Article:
Russian religious philosophy. The question arises: Can the quest for global
democracy and basic human rights and freedoms be realized in a world of
competing socio-economic, political, and ethno-national interests and
ideologies? Can equality be reconciled with liberty? And, can science and
technology be harnessed to serve, rather than enslave, humanity? –Journal of Interdisciplinary Studies
Keynote: ”Mihajlo Mihajlov: Homeland Is Freedom”. Maria M. Ivusic, Washington (Mihajlo’s Sister & Translator).
Symposium Venue: FREEDOMS is co-sponsored by IIR-ICSA-JIS in the City of the Roses–the world-famous Tournament of Roses, in sunny Southern California, with many cultural/sightseeing opportunities.
Date: August 4-7, 2011.
Abstracts: Send Abstracts (250 words) to: c/o Dr. O. Gruenwald, JIS Editor, 1065 Pine Bluff Dr., Pasadena, CA 91107, USA. Please remember to include:Title, First & Last Name, faculty or student, mailing address, phone & email. Publication: Fully-developed papers will be considered for publication in the Journal of Interdisciplinary Studies XXIV 2012.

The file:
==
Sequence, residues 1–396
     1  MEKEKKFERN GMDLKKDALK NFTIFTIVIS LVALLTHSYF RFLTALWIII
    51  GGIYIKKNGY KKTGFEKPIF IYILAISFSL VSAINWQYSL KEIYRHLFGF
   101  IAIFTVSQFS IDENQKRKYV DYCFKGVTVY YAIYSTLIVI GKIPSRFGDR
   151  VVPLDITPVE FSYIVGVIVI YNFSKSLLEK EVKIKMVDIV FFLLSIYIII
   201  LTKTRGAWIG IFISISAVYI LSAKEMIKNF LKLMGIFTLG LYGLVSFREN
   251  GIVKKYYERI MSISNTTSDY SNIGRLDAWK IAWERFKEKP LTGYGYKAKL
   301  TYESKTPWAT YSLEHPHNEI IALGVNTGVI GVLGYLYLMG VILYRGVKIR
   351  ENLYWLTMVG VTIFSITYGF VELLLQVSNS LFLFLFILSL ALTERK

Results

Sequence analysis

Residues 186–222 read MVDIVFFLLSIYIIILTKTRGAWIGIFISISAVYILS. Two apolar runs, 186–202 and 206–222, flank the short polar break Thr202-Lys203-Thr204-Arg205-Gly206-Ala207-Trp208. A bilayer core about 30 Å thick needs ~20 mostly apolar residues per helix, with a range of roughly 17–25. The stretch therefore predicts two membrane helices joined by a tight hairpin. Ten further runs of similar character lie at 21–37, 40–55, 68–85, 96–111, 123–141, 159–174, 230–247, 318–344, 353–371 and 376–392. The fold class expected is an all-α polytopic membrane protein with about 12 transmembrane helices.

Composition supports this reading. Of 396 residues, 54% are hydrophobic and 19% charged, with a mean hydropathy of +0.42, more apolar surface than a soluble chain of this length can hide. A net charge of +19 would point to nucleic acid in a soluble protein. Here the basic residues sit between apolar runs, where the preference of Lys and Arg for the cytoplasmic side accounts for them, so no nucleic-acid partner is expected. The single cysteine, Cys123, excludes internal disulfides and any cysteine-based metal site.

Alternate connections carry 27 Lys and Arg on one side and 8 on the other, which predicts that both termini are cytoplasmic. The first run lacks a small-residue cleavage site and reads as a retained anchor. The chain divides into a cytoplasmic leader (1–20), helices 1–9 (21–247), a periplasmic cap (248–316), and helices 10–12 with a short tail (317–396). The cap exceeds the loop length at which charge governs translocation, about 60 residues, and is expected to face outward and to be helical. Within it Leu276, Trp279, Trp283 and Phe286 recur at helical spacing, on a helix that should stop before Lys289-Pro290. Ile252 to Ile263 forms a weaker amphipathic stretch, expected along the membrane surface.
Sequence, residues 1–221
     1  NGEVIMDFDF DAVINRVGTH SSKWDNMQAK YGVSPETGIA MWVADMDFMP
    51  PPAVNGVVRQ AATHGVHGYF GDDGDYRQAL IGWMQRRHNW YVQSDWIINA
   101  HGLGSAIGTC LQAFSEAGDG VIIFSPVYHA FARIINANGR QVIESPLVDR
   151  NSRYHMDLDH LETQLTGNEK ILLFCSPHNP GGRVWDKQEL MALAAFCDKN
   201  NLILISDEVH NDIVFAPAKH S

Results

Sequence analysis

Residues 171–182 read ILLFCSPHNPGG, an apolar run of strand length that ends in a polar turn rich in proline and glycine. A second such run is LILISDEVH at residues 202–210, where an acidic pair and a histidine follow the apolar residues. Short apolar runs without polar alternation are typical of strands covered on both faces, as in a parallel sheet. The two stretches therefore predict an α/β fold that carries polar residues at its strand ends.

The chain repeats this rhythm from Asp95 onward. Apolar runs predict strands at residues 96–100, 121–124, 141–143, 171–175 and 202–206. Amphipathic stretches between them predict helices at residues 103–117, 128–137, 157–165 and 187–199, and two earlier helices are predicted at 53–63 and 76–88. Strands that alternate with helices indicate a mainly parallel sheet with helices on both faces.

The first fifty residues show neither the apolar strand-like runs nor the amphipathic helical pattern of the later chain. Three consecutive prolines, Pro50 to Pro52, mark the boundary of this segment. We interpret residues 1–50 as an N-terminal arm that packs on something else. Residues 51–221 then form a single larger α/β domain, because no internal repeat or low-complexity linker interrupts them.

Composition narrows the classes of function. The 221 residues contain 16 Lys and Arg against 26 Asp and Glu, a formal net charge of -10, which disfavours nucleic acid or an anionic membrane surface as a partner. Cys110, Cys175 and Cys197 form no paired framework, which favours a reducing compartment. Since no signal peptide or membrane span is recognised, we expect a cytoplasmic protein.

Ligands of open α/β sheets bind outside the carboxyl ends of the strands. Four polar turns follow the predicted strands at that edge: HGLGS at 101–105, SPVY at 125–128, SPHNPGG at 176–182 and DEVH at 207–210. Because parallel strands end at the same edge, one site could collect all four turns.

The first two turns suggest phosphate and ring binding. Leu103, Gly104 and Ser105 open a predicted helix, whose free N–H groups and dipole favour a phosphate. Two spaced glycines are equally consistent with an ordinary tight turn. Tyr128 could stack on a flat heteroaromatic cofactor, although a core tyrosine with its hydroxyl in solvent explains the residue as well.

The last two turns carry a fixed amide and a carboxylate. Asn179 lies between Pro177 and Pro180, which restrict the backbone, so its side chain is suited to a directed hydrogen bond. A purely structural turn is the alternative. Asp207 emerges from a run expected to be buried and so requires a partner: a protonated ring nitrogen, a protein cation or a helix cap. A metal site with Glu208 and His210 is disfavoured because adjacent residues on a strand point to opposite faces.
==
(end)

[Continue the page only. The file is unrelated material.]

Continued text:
Conference Website: www.JIS3.org/symposium2011.htm
Registration & Cost: Symposium participants must preregister: $75 by 15 April 2011; $100 after 15 April 2011; $150 after 1 June 2011.
Host:Institute for Interdisciplinary Research & International Christian Studies Association.
Photocredit: Microsoft Clip Art
Former skinhead, Byron Widner, illustrated his hate through a series of derogatory tattoos all over his body. However, with the assistance of the Southern Poverty Law Center (SPLC), he was able to “leave the white power movement” and get rid of his inked imprints as said by the SPLC. The Southern Poverty Law Center monitors hate groups and other extremists throughout theUnited States as well as exposes their activities to law enforcement agencies, the media, and the public.